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But, the government experts say, ``no new nuclear power generating units will be ordered in the United States sufficiently early to allow their operation by the year 2000.''

Not all the problems that created that construction gap have disappeared, and not all of the 47 nukes still in various stages of construction are certain to be completed. Even those that have been given green lights, or at least proceed-with-caution signals, by the US Nuclear Regulatory Commission (NRC) are still being fought by antinuclear power groups.

Organizations like the Seacoast Antipollution League in New Hampshire and the San Luis Obispo Mothers for Peace in California continue to press their cases against nuclear power. For many of the nuclear plants, the questions of who will pay construction costs inflated by legal battles, design flaws, and other unforeseen obstacles remain to be settled. Long after some of the nukes have begun to provide electricity to heat household irons and power high-tech factories, arguments over whether ratepayers or

stockholders will bear construction cost burdens will be continuing.

New Hampshire Gov. John Sununu has estimated that protests and legal actions by antinuclear groups have added $2 billion to the cost of the Seabrook project. Construction of two units was projected to cost just under $1 billion when it began in 1972; now Seabrook 2 is unlikely to be built and the cost of Seabrook 1 is put at $3.7 billion.

Government and industry experts indicate that the travail of the past couple of decades has not been without its rewards. The lessons of Three Mile Island and other less-dramatic setbacks have been taken to heart by both industry and regulators.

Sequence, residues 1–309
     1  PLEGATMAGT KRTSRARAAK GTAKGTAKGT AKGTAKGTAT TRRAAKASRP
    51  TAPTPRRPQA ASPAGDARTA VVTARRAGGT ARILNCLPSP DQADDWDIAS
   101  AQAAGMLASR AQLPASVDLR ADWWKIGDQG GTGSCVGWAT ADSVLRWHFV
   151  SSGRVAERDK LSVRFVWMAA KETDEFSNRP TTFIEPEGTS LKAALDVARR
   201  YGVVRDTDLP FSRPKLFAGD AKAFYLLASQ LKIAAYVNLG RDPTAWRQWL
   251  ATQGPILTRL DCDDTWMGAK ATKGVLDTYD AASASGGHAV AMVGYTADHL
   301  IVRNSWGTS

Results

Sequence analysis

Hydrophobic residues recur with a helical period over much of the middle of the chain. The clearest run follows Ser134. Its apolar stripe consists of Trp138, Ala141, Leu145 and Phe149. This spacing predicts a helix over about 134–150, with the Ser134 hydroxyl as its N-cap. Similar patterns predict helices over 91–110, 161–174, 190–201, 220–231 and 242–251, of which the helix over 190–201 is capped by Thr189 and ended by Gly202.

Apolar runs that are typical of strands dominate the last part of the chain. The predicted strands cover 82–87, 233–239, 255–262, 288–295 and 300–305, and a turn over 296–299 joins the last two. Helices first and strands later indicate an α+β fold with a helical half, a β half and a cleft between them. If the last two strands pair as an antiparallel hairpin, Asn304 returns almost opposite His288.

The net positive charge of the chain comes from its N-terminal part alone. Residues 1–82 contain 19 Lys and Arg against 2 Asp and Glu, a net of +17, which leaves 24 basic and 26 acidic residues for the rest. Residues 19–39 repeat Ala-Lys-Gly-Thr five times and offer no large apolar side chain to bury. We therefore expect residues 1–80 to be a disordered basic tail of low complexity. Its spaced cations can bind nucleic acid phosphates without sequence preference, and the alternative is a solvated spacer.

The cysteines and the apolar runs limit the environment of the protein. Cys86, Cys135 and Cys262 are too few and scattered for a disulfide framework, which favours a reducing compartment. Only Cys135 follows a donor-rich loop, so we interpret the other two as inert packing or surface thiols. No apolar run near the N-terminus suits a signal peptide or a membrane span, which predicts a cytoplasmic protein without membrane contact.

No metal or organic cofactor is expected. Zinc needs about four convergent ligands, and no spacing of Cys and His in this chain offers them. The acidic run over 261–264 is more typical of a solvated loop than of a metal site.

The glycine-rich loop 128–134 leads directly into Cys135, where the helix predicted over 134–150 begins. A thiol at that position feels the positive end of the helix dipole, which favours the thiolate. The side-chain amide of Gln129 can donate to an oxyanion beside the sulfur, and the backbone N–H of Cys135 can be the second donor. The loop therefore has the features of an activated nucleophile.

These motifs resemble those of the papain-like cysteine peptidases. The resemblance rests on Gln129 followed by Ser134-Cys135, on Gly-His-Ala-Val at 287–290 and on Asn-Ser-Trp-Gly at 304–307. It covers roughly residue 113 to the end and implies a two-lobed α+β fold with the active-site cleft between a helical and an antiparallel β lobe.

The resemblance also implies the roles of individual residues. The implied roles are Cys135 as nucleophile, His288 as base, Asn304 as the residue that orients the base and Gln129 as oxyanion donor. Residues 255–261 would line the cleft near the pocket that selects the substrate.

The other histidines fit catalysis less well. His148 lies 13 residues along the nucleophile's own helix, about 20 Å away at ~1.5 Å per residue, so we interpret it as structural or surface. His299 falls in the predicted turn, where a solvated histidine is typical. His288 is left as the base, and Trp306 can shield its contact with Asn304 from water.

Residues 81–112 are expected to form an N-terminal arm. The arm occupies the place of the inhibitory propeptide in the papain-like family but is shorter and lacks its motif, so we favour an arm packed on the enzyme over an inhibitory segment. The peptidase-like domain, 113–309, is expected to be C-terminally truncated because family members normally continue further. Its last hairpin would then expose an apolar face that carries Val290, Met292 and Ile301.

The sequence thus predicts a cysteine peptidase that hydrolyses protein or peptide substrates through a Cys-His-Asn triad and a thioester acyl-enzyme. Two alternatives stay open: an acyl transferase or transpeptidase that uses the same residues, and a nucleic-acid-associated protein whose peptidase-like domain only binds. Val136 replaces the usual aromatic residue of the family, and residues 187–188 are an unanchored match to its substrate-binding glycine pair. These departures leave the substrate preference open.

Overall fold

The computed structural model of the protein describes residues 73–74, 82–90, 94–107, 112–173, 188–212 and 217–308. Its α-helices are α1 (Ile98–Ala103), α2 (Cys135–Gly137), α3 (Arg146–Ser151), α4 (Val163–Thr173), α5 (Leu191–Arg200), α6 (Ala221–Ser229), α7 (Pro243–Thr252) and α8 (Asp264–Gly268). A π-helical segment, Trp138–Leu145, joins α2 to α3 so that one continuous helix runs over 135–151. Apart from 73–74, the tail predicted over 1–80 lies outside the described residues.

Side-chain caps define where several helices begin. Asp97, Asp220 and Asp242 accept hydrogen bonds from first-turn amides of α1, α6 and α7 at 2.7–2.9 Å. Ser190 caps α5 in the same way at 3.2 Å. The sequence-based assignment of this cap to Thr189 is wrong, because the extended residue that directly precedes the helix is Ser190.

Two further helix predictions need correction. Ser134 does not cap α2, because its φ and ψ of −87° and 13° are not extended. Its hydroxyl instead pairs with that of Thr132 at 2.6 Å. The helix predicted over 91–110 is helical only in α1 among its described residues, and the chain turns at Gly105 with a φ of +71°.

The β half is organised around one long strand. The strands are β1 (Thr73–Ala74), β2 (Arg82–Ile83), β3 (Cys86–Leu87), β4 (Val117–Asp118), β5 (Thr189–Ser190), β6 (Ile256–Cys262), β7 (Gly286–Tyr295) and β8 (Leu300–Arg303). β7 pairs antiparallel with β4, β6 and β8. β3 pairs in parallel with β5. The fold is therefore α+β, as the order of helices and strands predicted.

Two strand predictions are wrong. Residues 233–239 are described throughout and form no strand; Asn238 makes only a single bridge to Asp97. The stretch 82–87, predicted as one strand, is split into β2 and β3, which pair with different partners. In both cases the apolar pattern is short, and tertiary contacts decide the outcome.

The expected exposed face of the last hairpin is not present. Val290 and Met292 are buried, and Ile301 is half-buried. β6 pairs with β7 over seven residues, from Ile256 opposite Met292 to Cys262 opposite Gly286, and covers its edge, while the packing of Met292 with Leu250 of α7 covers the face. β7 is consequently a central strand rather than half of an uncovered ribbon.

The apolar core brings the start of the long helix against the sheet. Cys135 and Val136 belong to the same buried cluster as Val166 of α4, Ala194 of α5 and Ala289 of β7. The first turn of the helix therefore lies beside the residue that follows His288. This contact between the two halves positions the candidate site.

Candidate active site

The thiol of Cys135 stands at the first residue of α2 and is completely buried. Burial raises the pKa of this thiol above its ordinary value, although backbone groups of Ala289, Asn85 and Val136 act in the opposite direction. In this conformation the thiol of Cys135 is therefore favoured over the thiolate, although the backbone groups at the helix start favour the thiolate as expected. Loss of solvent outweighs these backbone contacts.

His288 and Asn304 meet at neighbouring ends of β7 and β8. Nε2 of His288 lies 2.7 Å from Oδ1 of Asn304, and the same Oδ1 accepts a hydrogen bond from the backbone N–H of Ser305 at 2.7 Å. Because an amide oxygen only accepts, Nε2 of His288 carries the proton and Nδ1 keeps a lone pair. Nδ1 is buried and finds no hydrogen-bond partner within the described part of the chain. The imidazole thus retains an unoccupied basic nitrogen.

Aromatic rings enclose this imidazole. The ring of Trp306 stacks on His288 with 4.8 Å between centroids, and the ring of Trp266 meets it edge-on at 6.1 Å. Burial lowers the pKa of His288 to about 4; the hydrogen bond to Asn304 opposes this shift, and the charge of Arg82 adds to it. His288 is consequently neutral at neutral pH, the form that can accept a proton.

Opposition forces -- especially those who presented rational objections that led to detection of flaws and resulted in improved design as well as much-needed safety features -- may well have contributed to the viability of nuclear power in the next century, when it could be a much-needed alternative to fossil fuels.

It is also expected that other challenges -- particularly the cost of ``decommissioning'' worn-out reactors and the safe disposal of spent but still-radioactive fuel -- will have been met within a decade.

Already the NRC has extended the period for which nuclear licenses are valid by 10 years -- from 30 to 40, and researchers say it may be possible to extend the life of reactors even further.

Utility officials, now severely challenged to find the best means of meeting unexpectedly high construction costs for nukes, still maintain that, over the long haul, these power plants will save customers money.

In its recent report, the EIA notes that other countries' use of nuclear power ``has increased considerably in the past year. . . . Both France and Belgium now produce more than half their electricity from nuclear power'' and Sweden and Taiwan are approaching that proportion.